High-resolution photoabsorption cross sections for eight CO bands, at wavelengths between 92.5 nm and 97.4 nm, have been measured in a supersonic jet-cooled source (approximately equals 20 K) at the Photon Factory synchrotron radiation facility. New integrated cross sections are reported for four bands between 92.5 nm and 94.2 nm. A low-temperature spectrum of the W(1)-X(0) band (95.6 nm), which was used to determine the absorbing CO column densities, is also presented. Additional jet-cooled cross section measurements were made on the L(0)-X(0), K(0)-X(0), and W(0)-X(0) bands (96.7-97.4 nm) which verify previously published results. A self-consistent set of band oscillator strengths is presented for the eight bands studied.

  13. Maintenance of empathy levels among first and final year medical students: a cross sectional study

    PubMed Central

    Bangash, Areeb Sohail

    2013-01-01

    Objectives: The purpose of this study was to quantify the levels of empathy amongst medical students in the first year and final year of the medical curriculum at a medical university in Karachi, Pakistan. Methods: A cross-sectional study, comprising of participating students in their first year and final year of the medical curriculum at Ziauddin University Medical College, was carried out, using the Empathy Quotient (EQ) scale consisting of 60 questions through a self-administered questionnaire. The results were collected anonymously over a time period of six months from a sample of 171 participants. Results : According to our analysis, we found 82.67% of fifth year students and 80.21% of first years showing average or above average levels of empathy. Female mean scores were 42±9.60 while males were 38.7±9.358 (P=0.03). No association was found between empathy and age of the participants (p=0.77). Conclusion: We found no significant difference in the levels of empathy between the first and fifth year medical students. However, it was shown that females exhibited higher levels of empathy than males. PMID:24358858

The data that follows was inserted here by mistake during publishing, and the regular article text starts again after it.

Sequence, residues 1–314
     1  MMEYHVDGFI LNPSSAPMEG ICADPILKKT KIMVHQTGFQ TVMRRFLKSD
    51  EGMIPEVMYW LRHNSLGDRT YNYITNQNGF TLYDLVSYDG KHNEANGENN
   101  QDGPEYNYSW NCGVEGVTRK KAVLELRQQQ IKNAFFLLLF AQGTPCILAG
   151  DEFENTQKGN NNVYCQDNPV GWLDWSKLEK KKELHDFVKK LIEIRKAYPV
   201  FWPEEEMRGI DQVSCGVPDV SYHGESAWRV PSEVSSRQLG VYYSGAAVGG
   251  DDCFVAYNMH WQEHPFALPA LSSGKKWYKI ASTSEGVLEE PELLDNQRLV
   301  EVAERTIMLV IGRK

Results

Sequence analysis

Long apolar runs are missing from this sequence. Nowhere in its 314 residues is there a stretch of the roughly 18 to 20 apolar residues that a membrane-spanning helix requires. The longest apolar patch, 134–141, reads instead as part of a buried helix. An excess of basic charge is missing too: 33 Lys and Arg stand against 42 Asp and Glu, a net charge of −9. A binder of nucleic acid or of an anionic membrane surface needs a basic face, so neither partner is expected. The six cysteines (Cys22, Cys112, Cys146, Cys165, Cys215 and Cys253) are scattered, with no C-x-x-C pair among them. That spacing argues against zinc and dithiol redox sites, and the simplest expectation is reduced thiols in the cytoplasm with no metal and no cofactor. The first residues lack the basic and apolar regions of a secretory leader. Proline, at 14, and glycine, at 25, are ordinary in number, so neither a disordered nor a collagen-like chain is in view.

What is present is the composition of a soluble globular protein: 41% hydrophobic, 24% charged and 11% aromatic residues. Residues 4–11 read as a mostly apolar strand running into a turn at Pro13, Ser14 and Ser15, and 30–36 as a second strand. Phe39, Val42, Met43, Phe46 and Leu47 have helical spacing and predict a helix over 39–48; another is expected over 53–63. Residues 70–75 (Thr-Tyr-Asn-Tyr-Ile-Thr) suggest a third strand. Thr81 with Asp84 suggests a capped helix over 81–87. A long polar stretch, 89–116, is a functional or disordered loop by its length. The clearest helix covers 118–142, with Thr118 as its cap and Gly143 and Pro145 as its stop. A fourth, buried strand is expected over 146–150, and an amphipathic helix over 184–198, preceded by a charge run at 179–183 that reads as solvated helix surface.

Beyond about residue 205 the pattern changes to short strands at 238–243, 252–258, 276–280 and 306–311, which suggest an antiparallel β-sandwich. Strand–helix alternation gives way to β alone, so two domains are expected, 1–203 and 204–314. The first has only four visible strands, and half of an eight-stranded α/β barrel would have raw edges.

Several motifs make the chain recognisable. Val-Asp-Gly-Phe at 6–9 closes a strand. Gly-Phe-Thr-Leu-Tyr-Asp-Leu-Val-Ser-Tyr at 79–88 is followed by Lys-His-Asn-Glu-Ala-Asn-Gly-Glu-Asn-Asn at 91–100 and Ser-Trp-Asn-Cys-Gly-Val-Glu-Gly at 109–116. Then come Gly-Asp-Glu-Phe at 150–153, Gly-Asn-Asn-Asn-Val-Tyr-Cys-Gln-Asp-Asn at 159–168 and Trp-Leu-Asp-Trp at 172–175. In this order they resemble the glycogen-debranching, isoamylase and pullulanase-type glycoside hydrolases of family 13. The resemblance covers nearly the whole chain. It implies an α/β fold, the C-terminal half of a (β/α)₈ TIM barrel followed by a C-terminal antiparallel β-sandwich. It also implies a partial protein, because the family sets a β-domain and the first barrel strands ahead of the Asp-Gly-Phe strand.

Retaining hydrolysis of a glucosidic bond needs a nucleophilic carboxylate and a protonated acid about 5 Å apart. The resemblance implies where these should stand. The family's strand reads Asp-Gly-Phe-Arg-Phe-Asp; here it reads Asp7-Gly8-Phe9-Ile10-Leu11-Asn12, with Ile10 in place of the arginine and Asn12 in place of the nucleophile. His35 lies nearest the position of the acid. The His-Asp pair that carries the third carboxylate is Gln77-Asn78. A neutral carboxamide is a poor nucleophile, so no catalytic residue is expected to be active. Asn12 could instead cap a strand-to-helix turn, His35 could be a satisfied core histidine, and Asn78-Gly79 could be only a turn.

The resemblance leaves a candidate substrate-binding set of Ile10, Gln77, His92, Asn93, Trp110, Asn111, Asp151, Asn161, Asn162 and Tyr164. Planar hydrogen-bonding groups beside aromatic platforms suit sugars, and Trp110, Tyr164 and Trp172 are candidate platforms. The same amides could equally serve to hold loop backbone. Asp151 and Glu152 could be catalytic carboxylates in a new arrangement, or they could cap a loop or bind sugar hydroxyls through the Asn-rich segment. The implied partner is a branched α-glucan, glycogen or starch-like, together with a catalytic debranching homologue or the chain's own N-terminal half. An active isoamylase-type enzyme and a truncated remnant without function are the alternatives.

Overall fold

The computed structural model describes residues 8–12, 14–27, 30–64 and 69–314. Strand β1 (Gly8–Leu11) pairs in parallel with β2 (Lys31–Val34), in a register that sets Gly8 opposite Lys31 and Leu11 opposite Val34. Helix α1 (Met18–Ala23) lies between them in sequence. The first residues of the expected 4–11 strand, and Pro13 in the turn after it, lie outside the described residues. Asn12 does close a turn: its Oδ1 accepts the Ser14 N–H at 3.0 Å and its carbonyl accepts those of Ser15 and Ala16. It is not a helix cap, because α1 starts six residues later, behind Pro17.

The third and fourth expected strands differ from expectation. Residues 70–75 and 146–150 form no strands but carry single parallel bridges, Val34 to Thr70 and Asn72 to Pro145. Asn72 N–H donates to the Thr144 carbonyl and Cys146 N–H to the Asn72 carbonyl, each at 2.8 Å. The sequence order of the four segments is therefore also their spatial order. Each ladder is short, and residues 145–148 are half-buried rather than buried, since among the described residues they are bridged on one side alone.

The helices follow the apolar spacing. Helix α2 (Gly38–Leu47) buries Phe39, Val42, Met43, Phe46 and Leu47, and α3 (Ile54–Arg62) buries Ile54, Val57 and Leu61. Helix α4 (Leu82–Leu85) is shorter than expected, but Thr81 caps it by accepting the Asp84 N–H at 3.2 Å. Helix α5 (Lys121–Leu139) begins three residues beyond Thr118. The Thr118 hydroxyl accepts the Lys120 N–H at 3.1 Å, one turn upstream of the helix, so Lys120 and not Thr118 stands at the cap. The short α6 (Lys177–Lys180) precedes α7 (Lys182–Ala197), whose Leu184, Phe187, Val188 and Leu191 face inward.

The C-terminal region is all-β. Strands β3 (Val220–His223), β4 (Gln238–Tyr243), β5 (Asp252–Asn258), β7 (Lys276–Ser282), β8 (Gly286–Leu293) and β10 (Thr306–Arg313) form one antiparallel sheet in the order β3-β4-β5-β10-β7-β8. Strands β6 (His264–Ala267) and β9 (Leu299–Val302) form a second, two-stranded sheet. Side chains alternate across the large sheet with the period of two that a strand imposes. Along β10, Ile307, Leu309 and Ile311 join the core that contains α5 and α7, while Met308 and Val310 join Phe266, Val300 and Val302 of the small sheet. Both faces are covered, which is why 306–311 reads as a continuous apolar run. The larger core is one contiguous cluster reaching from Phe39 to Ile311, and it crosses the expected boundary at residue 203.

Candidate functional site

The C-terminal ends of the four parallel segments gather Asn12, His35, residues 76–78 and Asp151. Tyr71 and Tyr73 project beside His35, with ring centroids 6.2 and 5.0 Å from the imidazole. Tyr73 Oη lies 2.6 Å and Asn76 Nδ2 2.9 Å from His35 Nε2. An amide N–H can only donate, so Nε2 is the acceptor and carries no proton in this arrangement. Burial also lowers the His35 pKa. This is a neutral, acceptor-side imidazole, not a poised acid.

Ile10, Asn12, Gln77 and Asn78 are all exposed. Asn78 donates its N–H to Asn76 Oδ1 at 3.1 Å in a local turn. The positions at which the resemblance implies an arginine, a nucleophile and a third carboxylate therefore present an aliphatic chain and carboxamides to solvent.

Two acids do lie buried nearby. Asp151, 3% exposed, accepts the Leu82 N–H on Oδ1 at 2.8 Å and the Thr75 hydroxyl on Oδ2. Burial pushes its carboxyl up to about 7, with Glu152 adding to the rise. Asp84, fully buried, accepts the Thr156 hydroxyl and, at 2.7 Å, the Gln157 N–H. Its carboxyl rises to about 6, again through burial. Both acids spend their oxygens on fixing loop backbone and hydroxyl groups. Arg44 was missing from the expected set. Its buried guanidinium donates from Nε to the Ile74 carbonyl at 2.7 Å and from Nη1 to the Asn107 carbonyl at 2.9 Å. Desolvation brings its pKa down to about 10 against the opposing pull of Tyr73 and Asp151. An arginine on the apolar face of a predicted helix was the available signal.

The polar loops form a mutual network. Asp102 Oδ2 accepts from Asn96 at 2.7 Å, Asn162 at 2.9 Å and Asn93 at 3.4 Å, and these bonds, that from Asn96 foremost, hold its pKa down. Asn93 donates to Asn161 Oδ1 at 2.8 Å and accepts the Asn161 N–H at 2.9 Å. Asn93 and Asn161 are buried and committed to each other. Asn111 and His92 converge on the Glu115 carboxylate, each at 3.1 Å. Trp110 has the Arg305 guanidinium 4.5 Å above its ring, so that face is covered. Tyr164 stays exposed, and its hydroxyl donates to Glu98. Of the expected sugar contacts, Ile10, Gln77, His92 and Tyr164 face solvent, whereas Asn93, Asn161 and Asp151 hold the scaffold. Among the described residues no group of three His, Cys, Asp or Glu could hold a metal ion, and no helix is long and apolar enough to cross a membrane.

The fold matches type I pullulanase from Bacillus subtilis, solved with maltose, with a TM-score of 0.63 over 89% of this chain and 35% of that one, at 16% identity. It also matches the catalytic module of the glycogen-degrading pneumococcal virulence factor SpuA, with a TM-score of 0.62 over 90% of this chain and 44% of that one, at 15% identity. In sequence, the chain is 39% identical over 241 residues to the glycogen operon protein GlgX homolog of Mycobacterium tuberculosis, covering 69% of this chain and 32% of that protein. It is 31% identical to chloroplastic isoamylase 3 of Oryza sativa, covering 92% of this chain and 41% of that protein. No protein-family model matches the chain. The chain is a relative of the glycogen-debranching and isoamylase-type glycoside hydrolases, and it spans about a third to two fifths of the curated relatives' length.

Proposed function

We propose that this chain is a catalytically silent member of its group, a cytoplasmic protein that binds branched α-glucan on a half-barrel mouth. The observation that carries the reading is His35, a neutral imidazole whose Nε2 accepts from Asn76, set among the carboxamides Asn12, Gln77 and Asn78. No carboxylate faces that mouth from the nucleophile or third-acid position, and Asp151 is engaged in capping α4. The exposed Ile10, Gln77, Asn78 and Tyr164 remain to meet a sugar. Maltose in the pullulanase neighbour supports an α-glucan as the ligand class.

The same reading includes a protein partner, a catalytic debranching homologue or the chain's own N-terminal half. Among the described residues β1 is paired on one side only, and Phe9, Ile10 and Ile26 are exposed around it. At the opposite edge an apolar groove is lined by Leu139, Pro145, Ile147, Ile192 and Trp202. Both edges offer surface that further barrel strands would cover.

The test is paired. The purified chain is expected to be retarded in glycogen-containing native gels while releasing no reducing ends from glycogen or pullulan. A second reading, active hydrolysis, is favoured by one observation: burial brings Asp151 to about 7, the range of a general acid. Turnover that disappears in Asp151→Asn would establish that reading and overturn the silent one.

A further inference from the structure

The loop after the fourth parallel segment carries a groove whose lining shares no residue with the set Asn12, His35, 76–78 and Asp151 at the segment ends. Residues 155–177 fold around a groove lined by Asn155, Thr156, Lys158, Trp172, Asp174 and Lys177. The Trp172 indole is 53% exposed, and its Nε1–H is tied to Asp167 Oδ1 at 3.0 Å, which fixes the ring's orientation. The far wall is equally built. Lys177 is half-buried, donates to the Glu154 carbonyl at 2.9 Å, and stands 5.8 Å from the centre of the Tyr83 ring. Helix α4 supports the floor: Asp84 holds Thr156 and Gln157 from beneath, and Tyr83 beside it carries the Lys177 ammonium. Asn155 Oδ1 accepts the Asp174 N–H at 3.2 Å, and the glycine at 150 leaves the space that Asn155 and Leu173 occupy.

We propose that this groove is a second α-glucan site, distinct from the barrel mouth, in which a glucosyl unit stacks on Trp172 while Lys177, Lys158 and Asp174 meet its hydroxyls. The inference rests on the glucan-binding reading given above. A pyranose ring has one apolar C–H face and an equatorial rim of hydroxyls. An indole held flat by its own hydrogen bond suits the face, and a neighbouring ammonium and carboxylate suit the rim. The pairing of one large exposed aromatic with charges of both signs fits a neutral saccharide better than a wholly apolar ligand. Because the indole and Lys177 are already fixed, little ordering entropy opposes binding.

14. Effect of temper rolling on final shape defects in a V-section roll forming process

    NASA Astrophysics Data System (ADS)

    Abvabi, Akbar; Rolfe, Bernard; Hodgson, Peter D.; Weiss, Matthias

    2013-12-01

    Roll forming is a continuous process in which a flat strip is shaped to the desired profile by sequential bending in a series of roll stands. Because of the large variety of applications of roll forming in the industry, Finite Element Analysis (FEA) is increasingly utilized for roll forming process design. Bending is the dominant deformation mode in roll forming. Sheet materials used in this process are generally temper rolled, roller- or tension- leveled. These processes introduce residual stresses into the material, and recent studies have shown that those affect the material behavior in bending. In this study a numerical model of the temper rolling (skin passing) process was used to determine a residual stress distribution in a dual phase, DP780, steel strip. A 5-stand roll forming process for the forming of a V-section was modeled, and the effect of various thickness reduction levels in the temper rolling process on the final shape defects was analyzed. The results show that a small thickness reduction in the temper rolling process decreases the maximum bow height but the final springback angle increases. It is also shown that reasonable model accuracy can be achieved by including the residual stress information due to temper rolling as initial condition in the numerical modeling of a roll forming process.

  15. Black liquor combustion validated recovery boiler modeling: Final year report. Volume 2 (Appendices I, section 5 and II, section 1)

    SciTech Connect

    Grace, T.M.; Frederick, W.J.; Salcudean, M.; Wessel, R.A.

    1998-08-01